M. Maron: I never felt pressure or insecurity presiding over MWA, but there were some tense moments at the helm of SinC when we were getting so much hostility from certain parts of the mystery community because they didn't understand that being pro-women writers did not mean we were anti-male. All we wanted was our fair share of the pie, be it reviews, advances, or promotion. I never felt insecure in what we were doing though because I had the board's support and advice and I have always believed in "sunshine" rules— in open discussions and keeping a clear paper trail to document any actions. (Very few things done in secret remain secret, as too many of our national leaders and celebrities are constantly being reminded, so you might as well keep everything open and aboveboard from the beginning.) I will say that the two years I gave to SinC, first as VP and then as president, probably cost me at least one book and a couple of short stories. The experience and the friendships were worth it, though.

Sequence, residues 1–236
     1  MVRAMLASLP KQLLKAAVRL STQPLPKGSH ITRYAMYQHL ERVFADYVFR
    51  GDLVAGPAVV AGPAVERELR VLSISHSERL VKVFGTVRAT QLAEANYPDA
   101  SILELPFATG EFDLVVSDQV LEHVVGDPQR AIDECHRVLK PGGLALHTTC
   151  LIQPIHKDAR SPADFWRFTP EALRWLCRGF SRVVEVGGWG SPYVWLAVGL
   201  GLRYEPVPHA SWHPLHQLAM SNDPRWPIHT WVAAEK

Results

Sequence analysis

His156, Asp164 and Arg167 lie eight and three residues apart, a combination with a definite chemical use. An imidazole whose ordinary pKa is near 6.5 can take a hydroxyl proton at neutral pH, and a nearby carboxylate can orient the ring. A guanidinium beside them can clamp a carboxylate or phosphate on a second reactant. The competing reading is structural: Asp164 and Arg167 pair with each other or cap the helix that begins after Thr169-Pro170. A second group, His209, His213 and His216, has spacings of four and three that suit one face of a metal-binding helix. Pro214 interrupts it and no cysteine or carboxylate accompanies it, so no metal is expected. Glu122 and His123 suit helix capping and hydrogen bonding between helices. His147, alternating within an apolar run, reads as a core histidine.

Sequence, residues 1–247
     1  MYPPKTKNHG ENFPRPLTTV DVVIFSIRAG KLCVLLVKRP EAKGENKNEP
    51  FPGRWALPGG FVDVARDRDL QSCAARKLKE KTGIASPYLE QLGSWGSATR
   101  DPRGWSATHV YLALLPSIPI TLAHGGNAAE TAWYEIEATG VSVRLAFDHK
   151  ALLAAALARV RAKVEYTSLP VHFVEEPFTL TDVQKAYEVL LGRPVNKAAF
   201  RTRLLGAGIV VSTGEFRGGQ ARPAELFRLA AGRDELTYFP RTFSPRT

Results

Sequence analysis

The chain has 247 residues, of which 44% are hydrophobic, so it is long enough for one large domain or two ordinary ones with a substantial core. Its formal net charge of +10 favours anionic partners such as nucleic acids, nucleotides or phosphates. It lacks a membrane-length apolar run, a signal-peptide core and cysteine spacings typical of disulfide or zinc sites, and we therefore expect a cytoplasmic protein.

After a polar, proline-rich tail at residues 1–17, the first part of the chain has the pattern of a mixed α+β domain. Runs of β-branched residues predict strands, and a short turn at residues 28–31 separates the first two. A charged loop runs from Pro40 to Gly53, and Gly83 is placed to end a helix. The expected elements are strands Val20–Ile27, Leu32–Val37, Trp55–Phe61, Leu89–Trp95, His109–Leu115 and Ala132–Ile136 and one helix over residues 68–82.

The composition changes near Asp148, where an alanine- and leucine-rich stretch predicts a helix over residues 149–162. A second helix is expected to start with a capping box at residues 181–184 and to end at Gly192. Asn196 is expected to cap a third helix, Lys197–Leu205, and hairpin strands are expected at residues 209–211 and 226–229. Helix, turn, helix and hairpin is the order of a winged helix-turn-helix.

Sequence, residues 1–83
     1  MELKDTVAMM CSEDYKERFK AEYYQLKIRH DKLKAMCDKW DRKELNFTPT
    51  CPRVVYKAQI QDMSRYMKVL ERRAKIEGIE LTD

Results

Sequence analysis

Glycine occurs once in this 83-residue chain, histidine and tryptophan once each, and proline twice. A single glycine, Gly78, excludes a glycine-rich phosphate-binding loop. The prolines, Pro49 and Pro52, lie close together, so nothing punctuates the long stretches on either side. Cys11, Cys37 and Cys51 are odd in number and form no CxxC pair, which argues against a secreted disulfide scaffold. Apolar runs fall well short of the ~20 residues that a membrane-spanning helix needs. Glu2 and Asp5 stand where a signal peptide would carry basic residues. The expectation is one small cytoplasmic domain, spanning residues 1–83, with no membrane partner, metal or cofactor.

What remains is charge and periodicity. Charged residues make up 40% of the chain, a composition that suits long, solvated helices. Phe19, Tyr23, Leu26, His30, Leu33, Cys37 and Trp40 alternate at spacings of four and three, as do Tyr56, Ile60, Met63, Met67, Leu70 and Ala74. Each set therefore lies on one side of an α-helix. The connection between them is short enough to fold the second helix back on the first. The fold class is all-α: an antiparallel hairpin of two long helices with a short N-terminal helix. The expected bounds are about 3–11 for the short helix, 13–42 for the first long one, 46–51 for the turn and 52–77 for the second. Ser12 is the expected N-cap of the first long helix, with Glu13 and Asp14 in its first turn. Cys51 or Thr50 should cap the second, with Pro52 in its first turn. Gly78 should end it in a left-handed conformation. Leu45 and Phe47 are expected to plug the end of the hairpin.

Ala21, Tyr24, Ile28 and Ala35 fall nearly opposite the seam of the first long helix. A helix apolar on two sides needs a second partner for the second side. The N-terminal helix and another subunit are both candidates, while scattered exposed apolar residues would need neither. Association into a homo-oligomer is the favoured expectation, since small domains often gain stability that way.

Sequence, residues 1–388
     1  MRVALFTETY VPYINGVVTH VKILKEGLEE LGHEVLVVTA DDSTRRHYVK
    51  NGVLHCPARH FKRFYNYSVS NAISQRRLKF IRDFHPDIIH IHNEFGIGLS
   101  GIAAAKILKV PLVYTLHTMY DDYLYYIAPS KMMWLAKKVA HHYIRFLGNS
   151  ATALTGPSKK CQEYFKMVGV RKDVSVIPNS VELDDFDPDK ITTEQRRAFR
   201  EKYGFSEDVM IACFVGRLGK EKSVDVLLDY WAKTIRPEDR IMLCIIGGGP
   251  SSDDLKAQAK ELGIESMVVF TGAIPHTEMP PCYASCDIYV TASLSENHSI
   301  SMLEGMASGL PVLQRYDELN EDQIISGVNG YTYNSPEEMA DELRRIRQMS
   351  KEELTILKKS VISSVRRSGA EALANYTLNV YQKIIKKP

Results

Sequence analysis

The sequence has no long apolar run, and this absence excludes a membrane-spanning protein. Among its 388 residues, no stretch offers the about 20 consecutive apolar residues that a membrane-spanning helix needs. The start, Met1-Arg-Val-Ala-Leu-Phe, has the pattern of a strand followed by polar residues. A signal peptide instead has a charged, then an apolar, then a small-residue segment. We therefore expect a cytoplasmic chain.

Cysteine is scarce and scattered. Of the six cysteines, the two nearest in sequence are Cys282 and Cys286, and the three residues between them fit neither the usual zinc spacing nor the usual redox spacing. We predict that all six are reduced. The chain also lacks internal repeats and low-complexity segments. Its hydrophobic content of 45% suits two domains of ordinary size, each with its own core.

E.I. Ms. Maron, Thank you for contributing to my blog. It has been a pleasure for me to get to know your work a little better. Would you like to end your interview with a writing tip or advice for young aspiring writers?

M. Maron: The only advice I could give is FINISH THE BOOK! Don't even think about editors, agents, advances, publicity tours or any of the other elements until you have a finished book that is the very best book you could possibly write.

To learn more about Margaret Maron, please visit her web site

To purchase her books, please visit AMAZON and Barnes & Noble